EU blocks Belarus flights ahead of new round of sanctions – Courthouse News Service



After Belarus forced a Ryanair flight to land so it could arrest a prominent opposition figure, the EU is toughening up with Minsk by banning flights to and from Belarus and preparing new sanctions.

Belarusians living in Poland and Poles who support them gaze at paper planes during a protest demanding the freedom of Belarusian opposition activist Roman Protasevich in Warsaw, Poland on Monday. (AP Photo / Czarek Sokolowski)

(CN) – Tensions over Belarus escalated on Tuesday, with the European Union banning air travel to and from Belarus and the exiled Belarusian opposition leader calling on the United States and European capitals to take stronger measures against Minsk.

Meeting in Brussels, EU leaders also said they were preparing a new package of sanctions against Belarus and demanded the release of Roman Protasevich, a 26-year-old Belarusian journalist and opposition activist who was arrested Sunday in Minsk after the Ryanair flight in which he was. was redirected to the Belarusian capital as part of an alleged operation by the Belarusian KGB secret service.

European diplomats denounce Minsk’s actions as “air piracy” and the latest heinous act of a dictatorial and repressive regime on their doorstep that cannot be tolerated. The EU, often seen as ineffective and largely toothless vis-à-vis authoritarian powers such as Russia and Turkey, was praised on Tuesday for its toughening stance against Belarus.

“Until Protasevich’s kidnapping, the EU’s reaction to what was happening in Belarus was lukewarm,” wrote Judy Dempsey, editor-in-chief of Carnegie Europe, a Brussels-based think tank.

Dempsey said the limited sanctions the EU imposed last year on Belarusian President Alexander Lukashenko and a few other officials and entities “reinforced the perception that the EU was powerless.” But Protasevich’s arrest “ultimately forced the EU’s hand,” she wrote.

Like many commentators in Europe, Dempsey supported tougher EU actions, but said much more needed to be done, such as giving visas to Belarusians facing persecution and providing greater financial support to the EU. Belarusian opposition. On Monday, European Commission President Ursula von der Leyen said the EU has a € 3 billion ($ 3.7 billion) investment program waiting to be spent on the Belarus once “it becomes democratic”.

In Lithuania, Belarusian opposition leader Svetlana Tikhanovskaya urged the EU and the US to put even more pressure on Lukashenko. Tikhanovskaya declared herself the winner in the disputed August elections. She fled to Lithuania after the elections and tried to build international support against the Lukashenko regime from her base in Vilnius, the Lithuanian capital.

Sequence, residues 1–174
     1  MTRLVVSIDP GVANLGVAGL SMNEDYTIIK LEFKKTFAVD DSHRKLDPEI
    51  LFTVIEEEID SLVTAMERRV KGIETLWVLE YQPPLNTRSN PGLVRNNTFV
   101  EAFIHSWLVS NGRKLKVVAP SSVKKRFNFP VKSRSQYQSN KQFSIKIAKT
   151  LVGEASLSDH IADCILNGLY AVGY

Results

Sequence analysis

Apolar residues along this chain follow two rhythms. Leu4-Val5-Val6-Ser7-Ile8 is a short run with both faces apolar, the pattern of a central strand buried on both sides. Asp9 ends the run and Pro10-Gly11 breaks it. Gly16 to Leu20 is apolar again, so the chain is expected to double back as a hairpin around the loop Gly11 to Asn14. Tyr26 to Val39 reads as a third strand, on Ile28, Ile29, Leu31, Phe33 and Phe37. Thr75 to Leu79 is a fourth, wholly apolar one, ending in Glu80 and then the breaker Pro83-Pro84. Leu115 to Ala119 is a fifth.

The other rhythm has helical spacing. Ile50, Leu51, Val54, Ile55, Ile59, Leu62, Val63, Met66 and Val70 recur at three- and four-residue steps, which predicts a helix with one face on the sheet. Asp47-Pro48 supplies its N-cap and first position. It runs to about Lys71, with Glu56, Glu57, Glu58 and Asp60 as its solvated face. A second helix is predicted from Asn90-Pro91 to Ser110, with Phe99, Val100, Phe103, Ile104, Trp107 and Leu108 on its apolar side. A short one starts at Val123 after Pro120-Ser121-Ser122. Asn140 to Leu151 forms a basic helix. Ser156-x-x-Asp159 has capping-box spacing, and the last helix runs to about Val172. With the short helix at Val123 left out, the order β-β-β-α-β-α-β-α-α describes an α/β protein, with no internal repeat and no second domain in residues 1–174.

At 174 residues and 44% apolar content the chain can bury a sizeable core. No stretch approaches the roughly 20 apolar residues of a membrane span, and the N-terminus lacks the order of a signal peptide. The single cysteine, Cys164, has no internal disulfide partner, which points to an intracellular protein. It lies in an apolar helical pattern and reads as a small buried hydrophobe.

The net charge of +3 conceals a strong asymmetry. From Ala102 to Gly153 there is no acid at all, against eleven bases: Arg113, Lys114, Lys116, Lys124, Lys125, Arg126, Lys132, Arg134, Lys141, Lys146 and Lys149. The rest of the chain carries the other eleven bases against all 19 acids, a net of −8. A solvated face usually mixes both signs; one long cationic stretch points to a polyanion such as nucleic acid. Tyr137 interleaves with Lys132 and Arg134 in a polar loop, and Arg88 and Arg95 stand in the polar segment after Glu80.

In Riga, the capital of neighboring Latvia, the official Belarusian flag has been replaced by the red and white Belarusian flag used by the opposition outside an ice hockey arena where Belarus is participating in an international tournament of hockey.

This demonstration of solidarity by the mayor of Riga Martins Stakis for Tikhanovskaya and the Belarusian opposition was violently condemned by Belarus and prompted Minsk to expel the Latvian ambassador to Belarus, Einars Semanis, and the staff of the embassy.

“We cannot leave such provocative actions unanswered,” Belarusian Foreign Minister Vladimir Makei said, according to Belta, the Belarusian news agency. He equated the snub of the flag with an “act of state vandalism” and called it a “cynical violation of all norms of international law“.

The red and white flag used by the opposition had already been adopted by a pre-Soviet republican and democratic Belarusian state. But its use today is seen by the pro-government side as a highly provocative symbol and akin to showing support for fascism, a suggestion rejected by the opposition. The mass protests against Lukashenko became a sea of ​​people displaying red and white.

On Tuesday, Minsk presented his version of the events that led to Protasevich’s arrest and said he behaved correctly in escorting the plane to Minsk after receiving an alleged bomb threat from Hamas, the militant group fighting Israel, which had warned that the Ryanair plane was going to explode over Vilnius. Minsk said he was investigating the false bomb threat and welcomed an international investigation. He claimed that the pilot of the Ryanair plane made the decision to go to Minsk.

Belarusian police arrested journalist Roman Protasevich, center, in Minsk in 2017 (AP Photo / Sergei Grits, File)

Western leaders have dismissed the Minsk account as false.

“The explanations given so far by the Belarusian government for the forced landing of a Ryanair plane in Minsk are absurd and not credible,” said German Foreign Minister Heiko Maas.